The revolutionary CRISPR gene editing was presented this Tuesday to the requested review of the US Drug Agency (FDA). After a seven-hour hearing, the health regulator seems closer to approving a treatment based on this technique and named exa-cel.
Permission was requested by laboratories Vertex Pharmaceuticals, based in Boston, and the Swiss CRISPR Therapeutics, whose stock trading was suspended for the duration of the session. Together they designed a therapy based on genome editing against a blood disorder: sickle cell anemia, a genetic malformation responsible for the transformation of red blood cells. It is one of the most frequent in the world, and affects millions of people, 100,000 in the United States alone. It also promises to improve the outlook of patients with another congenital anemia: beta-thalassemia, which requires lifelong transfusions.
Sickle cell anemia causes red blood cells, instead of the usual round shape, to acquire the silhouette of a half-moon, which causes them to hit the blood vessels and cause pain that is not consistent with -progress to a normal life. Most patients do not live beyond 40 or 50 years.
External experts summoned by the FDA offered to hear not so much the effectiveness or safety of exa-cel, but whether the methods used by Vertex and CRISPR Therapeutics, which have been shown to be successful in 29 out of 30 patients treated, there is the potential risk of making unwanted changes in DNA. This is what is known as “off-target editing”: genetic modifications that can be harmless or harmful if they affect certain regions of the genome. As it became clear this Tuesday, it is a priority for the US health regulator to guarantee that the treatment does not have these unexpected side effects.
At the end of the day, experts agree on the usefulness of further testing, but many of them express enthusiasm, as well as the belief that the benefits of exa-cel outweigh any doubts about its risks. Those responsible for Vertex plan to follow up the treated patients for the next 15 years to determine possible side effects.
What was not mentioned in the FDA meeting was one of exa-cel’s main obstacles: its price. It is expected to cost millions of dollars, which is almost impossible to manage in less developed countries, where the incidence of the disease is highest. “This is a disease that affects people of African, Southeast Asian and Mediterranean (Middle Eastern) descent,” explains hepatologist Karl Kassamon.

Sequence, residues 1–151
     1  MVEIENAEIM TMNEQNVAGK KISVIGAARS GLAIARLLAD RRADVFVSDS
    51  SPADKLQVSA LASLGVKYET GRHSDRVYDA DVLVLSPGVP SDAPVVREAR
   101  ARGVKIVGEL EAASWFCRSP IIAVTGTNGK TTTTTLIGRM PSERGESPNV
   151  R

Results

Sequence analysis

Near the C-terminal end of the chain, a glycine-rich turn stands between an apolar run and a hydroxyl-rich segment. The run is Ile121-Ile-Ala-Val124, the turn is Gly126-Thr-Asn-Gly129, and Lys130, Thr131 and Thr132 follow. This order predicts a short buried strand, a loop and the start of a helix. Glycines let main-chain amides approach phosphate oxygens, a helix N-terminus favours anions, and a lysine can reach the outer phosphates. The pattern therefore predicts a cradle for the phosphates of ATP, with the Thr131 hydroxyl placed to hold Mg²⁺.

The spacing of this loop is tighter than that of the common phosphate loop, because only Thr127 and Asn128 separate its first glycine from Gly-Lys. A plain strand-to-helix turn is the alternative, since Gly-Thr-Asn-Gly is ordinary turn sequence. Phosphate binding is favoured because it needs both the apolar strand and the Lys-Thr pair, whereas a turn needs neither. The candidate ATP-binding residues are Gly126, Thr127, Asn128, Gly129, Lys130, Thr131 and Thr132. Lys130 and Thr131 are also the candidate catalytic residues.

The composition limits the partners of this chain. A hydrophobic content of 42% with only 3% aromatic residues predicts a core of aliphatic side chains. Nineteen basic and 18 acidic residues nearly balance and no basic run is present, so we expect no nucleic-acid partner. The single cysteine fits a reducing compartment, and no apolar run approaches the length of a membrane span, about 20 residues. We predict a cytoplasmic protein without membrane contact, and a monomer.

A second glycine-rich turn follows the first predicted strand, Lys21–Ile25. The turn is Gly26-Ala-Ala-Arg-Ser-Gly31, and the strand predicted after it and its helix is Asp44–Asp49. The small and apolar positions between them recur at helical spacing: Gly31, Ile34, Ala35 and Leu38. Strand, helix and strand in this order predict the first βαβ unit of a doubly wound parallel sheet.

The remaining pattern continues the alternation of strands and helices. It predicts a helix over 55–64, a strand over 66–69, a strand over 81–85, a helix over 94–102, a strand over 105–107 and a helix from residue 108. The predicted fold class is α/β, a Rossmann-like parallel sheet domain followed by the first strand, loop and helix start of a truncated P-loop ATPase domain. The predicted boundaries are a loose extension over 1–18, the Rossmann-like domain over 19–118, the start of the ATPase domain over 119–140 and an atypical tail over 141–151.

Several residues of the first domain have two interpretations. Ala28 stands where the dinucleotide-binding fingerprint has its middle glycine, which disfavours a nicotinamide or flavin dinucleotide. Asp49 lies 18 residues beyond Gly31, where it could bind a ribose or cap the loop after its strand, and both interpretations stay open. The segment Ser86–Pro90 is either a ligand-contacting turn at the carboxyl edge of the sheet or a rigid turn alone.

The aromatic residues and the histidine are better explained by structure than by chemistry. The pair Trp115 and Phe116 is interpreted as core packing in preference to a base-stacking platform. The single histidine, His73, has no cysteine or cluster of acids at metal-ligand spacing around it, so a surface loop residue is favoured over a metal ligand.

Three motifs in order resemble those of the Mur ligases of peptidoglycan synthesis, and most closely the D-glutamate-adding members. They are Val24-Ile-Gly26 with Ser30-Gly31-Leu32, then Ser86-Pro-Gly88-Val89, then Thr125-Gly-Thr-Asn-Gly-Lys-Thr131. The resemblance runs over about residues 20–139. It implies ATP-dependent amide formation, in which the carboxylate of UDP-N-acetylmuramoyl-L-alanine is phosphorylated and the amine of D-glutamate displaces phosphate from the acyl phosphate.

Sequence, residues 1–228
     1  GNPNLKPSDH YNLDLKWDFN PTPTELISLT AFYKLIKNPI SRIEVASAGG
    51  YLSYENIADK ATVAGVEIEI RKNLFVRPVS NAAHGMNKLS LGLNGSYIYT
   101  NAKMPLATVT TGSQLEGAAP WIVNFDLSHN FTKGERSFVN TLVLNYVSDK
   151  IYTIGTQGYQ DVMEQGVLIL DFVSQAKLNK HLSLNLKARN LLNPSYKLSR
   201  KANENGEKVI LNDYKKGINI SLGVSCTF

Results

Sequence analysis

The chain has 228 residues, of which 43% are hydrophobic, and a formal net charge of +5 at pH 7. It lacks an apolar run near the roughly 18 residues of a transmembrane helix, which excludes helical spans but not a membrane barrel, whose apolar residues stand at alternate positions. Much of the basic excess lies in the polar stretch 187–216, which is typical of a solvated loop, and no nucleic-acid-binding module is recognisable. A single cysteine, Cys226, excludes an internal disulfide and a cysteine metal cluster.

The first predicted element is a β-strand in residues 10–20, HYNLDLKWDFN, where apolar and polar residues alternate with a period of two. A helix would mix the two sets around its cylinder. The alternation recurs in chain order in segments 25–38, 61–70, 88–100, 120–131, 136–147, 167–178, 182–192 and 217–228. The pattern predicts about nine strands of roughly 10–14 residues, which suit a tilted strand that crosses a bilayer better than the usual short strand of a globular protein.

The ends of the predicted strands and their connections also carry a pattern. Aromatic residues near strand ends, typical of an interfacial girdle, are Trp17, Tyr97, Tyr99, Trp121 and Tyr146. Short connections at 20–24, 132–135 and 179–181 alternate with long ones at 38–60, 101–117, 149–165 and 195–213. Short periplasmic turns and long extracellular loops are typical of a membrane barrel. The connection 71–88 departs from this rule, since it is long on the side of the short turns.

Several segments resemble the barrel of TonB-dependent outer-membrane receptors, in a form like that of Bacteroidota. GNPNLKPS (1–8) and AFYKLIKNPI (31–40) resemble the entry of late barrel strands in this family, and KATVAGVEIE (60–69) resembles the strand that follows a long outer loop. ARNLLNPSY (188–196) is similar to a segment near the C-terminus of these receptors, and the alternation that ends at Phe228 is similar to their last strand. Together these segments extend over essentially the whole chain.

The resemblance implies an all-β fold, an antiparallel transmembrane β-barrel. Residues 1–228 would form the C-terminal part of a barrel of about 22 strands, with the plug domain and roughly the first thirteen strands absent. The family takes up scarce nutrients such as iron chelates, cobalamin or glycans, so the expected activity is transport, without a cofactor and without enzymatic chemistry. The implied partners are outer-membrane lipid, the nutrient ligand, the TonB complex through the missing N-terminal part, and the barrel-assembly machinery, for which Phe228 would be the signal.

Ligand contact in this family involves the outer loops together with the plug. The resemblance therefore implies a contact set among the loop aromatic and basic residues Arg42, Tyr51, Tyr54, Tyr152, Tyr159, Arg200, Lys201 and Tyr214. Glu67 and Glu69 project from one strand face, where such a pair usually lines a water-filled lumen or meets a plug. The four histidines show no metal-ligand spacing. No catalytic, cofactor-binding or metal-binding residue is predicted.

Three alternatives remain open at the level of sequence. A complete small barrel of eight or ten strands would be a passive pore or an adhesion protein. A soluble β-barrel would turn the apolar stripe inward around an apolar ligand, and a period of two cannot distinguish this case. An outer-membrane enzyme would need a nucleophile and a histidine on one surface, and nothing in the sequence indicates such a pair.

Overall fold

Tuesday’s process typically represents the final step before the agency makes a decision. The FDA has a December 8 deadline.
stories of pain
During the presentation, a dozen patients who have already benefited from the preliminary clinical trials shared their cases, with the request that the FDA give the green light to exa-cel (easier said than done its full name: “exagamglogene autotemcel”).
They describe unimaginable sufferings. Perhaps the most famous case is that of Victoria Gray, a black woman who was the first to undergo treatment and opened a public hearing on Tuesday to say that she consumed “three different opiates” to treat his pain and that During the worst crisis of his life, he remained awake for “three days.” “I can’t use my legs or arms; “I can’t even hold a fork to feed myself, nor wash my face.” Now, thanks to exa-cel, which he received in an experimental trial in Nashville, he can work full time, “contribute to the family economy” and dedicate himself “to his children,” and he gave up “blood transfusions, opiates and frequent hospitalizations.”
Another witness, Kelly Howard – also African American – recalled that before he was a year old he was hospitalized “more than 13 times” and that in 2022 the visits increased to 100. “The treatment I asked you which is approved for all anemia warriors Sickle cell saved me from the disease that I have been fighting for 33 years of my life,” he added.
What the doctors did to Gray and Howard was to take blood stem cells from their bone marrow, and send them to the laboratory where they were edited using the CRISPR-Cas9 technique. From the DNA, they cut a gene called BCL11A that controls the production of a protein, fetal hemoglobin, which is responsible for congenital anemia. The edited cells are frozen and sent back to the hospital, where, after chemotherapy treatment to kill the diseased blood cells in the brain, they are transplanted back into the patient. In a few weeks, the blood, which regenerates itself, is thus clean.
Once exa-cel is approved in the United States, Europe is expected to follow the same path.
In 2012, Jennifer Doudna and Emmanuelle Charpentier developed a method for high-precision genome editing that they named CRISPR-Cas9. That discovery, which is like a very sophisticated pair of genetic scissors, won them a Nobel Prize in Chemistry in 2020. The Swedish Academy immediately highlighted the possibilities of CRISPR to create new therapies against cancer or many others other inherited diseases, such as sickle cell anemia. or beta-thalassemia.
The agri-food industry is also rubbing its hands in the world of the possibilities that this new technique opens up.
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